The Residuary Estate.

Another odd concept that often causes confusion for clients when they see it appearing in their draft Will – especially when in essence this is what most people think of when they write a Will – namely who they are leaving their estate to. Think of ‘residuary’ as meaning whatever is left of the Estate once any debts and legacies have been paid.

A simple example would be an Estate worth £500,000. Once the debts totalling £70,000 and the legacies totalling £30,000 have been paid, the residuary Estate is worth £400,000.

Generally, couples leave everything to one another (and if the documents are exactly the same they are known as a Mirror Will). For married or civil partners, this is tax efficient as it utilises the spousal exemption which allows for such couples to leave everything to one another without incurring any inheritance tax.

Often, couples who have children intend for them to be the beneficiaries on the second of the couple’s deaths.  Such an arrangement remains fairly common however with the increase in blended families, this kind of disposition can result in some family members feeling like they have lost out or been treated unfairly.

In a blended family you will often find couples with children from previous relationships but who treat all the children equally. In the vast majority of cases there are no issues with a couples’ intention to ultimately share their Estate between their children and their step children (I am using the term ‘step’ children but these scenarios can apply to unmarried/non-civil partnered families). However, this generosity of spirit may be the very cause of a future dispute.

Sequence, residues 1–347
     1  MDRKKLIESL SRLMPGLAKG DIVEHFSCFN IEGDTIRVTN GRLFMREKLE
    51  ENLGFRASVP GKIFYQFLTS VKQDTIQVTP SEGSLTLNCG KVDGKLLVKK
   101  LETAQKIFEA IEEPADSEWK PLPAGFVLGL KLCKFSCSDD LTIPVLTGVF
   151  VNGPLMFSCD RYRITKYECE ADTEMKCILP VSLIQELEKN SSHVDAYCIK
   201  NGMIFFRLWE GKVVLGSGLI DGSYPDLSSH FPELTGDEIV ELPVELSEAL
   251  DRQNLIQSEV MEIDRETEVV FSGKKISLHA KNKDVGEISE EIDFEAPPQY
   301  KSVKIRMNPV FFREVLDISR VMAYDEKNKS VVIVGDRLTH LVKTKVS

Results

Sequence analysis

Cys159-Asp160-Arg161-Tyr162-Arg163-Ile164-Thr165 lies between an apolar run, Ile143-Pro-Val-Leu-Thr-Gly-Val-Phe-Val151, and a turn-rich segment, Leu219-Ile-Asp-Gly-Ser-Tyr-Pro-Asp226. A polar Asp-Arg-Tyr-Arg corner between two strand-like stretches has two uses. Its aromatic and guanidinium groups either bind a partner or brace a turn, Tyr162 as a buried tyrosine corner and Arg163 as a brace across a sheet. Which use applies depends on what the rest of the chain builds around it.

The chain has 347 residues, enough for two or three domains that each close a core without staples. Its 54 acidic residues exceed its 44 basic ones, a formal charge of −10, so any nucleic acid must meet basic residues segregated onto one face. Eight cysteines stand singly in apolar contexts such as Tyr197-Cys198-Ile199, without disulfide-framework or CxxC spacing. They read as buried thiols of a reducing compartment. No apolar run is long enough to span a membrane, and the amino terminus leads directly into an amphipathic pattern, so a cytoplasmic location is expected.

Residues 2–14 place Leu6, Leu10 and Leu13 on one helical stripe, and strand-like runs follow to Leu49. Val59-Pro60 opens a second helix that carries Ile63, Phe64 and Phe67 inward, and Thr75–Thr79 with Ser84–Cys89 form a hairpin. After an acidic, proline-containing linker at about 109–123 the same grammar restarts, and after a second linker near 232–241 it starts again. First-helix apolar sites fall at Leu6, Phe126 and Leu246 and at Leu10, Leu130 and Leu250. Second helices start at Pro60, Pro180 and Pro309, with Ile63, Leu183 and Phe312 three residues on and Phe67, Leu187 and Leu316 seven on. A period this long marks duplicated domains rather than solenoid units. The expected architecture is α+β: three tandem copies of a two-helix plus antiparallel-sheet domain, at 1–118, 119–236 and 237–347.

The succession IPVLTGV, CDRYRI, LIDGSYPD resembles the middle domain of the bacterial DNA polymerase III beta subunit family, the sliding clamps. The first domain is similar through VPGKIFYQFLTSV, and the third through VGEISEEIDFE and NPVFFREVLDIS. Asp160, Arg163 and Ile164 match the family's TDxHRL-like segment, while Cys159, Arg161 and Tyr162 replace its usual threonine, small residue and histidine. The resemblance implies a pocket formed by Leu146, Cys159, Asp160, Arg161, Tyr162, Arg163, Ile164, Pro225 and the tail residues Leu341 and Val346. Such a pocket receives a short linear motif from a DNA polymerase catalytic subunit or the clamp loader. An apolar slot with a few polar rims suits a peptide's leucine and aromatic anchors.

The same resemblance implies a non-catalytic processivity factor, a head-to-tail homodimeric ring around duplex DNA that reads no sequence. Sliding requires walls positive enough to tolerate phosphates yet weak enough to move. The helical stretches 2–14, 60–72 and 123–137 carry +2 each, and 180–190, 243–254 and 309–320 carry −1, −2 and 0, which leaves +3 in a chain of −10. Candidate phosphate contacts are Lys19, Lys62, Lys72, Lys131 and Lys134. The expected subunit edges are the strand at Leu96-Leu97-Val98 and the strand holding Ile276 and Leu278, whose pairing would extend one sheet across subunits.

Upon that parent’s death, their biological children may not be best pleased that their step parent inherits everything of their parent’s Estate (which may consist of the proceeds of an earlier matrimonial home or inheritance from grandparents). If such a disposition occurs it is entirely possible for the surviving parent to then leave everything they have (which now includes their late partner’s estate) to their biological children – leaving nothing to their step children.

When I say this is entirely within the realms of possibility – I mean it happens regularly and I often have the unhappy descendants seeking advice.

It is entirely correct for a couple to leave everything to their spouse/civil partner. There is no legal requirement for them to do otherwise – but they must make that decision on the basis of sound legal advice. There are many factors that need to be considered when making your Will – particularly so if there are complexities to your Estate. The biggest mistake I see is people assuming that their families will ‘just sort things out’. Never underestimate people’s capacity to argue.

If you remain confused by the concept of a residuary estate or are facing the considerations I have described above, then I would suggest contacting Mundays Private Wealth team who will be able to draft a Will to fit your circumstances and advise you further on any particular element you should consider in your Will. If you would like to discuss any concerns you may have with your existing Will or an Estate dispute contact Michael Brierley head of the Trusts, Wills and Probate Disputes team.

The contents of this article are intended as guidance for readers. It can be no substitute for specific advice. Consequently we cannot accept responsibility for this information, errors or matters affected by subsequent changes in the law, or the content of any website referred to in this article. © Mundays LLP.


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